Why drunken drivers not arrested, HC asks cops

| J.STALIN
Published Dec 4, 2014, 10:17 am IST
Updated Feb 23, 2016, 2:43 pm IST
Why can’t another source of revenue be found?
Picture for representational purpose
 Picture for representational purpose

Chennai: The Madras high court has asked the police why they were not arresting drunken drivers and asked the Central and state governments why they had not found a source of revenue other than liquor so that prohibition could be imposed. “Liquor is the reason for many social evils. Yet, the governments are opening liquor shops to get revenue. In Tamil Nadu about 6,850 Tasmac outlets earn about Rs30,000 crore per year. In 2013 drunken driving caused 20,290 accidents, killing 6,463 people and injuring 20,091. In Tamil Nadu 2,764 accidents occurred due to alcohol, causing 718 deaths. These are man made and avoidable,” said Justice N. Kirubakaran.

On February 19, 2011, B. Ramkumar was driving a two-wheeler, with B. Arunkumar riding pillion. An MTC bus collided into their vehicle on MG Road at the junction of Adyar LB Road, killing them. Their dependents claimed compensation. The postmortem revealed that Ramkumar was drunk and the Motor Accident Claims Tribunal therefore fixed 20 per cent liability on him and 80 per cent on the bus driver and awarded Rs 9.25 lakh to Ramkumar’s legal heirs and Rs11.34 lakh to Arunkumar’s. Dissatisfied with this, the dependents filed the present appeals.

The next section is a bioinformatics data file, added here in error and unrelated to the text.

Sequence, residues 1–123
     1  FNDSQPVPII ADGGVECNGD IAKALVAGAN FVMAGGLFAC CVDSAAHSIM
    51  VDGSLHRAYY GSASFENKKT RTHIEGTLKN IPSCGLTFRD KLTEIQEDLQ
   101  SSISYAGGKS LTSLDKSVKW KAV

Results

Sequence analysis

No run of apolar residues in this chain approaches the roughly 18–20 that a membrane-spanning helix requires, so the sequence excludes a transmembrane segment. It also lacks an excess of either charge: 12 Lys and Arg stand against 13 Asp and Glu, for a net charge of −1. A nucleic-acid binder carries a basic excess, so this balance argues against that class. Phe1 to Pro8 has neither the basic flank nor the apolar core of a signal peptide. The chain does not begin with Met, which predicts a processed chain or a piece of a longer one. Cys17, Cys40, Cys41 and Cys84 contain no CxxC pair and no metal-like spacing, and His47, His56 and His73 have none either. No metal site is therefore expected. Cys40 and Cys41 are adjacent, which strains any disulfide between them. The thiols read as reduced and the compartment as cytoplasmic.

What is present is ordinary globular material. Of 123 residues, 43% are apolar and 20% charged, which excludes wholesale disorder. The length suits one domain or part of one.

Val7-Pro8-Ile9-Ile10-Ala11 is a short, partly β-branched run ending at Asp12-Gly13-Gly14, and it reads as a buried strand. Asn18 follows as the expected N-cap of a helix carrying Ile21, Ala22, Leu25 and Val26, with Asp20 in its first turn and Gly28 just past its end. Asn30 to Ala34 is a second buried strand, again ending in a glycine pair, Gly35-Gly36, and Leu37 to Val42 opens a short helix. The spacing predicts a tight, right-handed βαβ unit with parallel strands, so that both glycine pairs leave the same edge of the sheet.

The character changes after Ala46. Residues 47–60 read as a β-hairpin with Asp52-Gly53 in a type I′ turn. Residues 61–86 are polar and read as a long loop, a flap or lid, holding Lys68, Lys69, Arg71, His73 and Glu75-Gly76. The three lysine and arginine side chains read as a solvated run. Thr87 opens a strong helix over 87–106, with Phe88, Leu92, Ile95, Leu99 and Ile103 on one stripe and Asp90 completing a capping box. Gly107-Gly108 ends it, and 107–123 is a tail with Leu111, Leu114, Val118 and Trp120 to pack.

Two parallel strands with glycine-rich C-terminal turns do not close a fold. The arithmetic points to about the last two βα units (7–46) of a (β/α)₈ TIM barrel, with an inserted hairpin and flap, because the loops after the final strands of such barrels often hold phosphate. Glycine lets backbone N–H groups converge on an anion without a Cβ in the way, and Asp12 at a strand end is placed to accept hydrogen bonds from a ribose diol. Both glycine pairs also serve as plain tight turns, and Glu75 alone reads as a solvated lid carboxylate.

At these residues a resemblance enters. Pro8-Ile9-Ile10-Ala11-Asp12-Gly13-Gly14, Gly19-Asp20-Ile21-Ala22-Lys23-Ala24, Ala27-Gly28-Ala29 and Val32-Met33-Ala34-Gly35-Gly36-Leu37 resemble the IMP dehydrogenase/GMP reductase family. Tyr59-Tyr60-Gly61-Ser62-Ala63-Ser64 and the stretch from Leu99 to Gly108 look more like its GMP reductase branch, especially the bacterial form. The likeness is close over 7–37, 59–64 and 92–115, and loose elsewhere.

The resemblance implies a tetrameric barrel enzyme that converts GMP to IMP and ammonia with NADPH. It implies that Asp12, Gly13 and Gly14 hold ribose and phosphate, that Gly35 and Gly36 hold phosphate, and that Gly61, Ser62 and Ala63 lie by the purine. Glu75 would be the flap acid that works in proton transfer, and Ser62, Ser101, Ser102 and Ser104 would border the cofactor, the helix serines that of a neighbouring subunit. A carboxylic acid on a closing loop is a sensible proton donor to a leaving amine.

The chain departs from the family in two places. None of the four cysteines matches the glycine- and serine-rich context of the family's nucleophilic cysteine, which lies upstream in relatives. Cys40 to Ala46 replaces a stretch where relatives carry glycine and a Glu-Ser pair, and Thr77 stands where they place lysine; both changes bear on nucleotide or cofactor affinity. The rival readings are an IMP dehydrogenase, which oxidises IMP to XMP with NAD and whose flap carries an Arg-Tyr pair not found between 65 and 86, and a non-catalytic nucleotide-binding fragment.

The judge said that the facts of the case were making the court go into the issue of drunken driving as it was causing more accidents and resulting in more deaths.The judge said that the number of vehicles had increased over the past 10 years from 62,09,037 as on April 1, 2003 to 1,82,86,774 as on January 1, 2014 in Tamil Nadu.In the last three years Tamil Nadu had recorded an increasing number of road fatalities caused by drunk drivers.


Tamil Nadu recorded the fifth highest number of cases in 2011 and reached third place this year. TN topped in road accidents because of poor law enforcement, the judge added.“There is nothing to debar people from drinking when prohibition is not there. People can buy liquor and consume it at home. The problem arises when people drive vehicles after consumption of alcohol, endangering their own lives and that of others. Seventy per cent of road fatalities are caused by drunken driving.

So there is a close connection between drunken driving and road accidents, and the rulers, bureaucrats, law enforcing agencies and all other stake holders have to take appropriate measures to prevent drinking and drunken driving,” the judge added.

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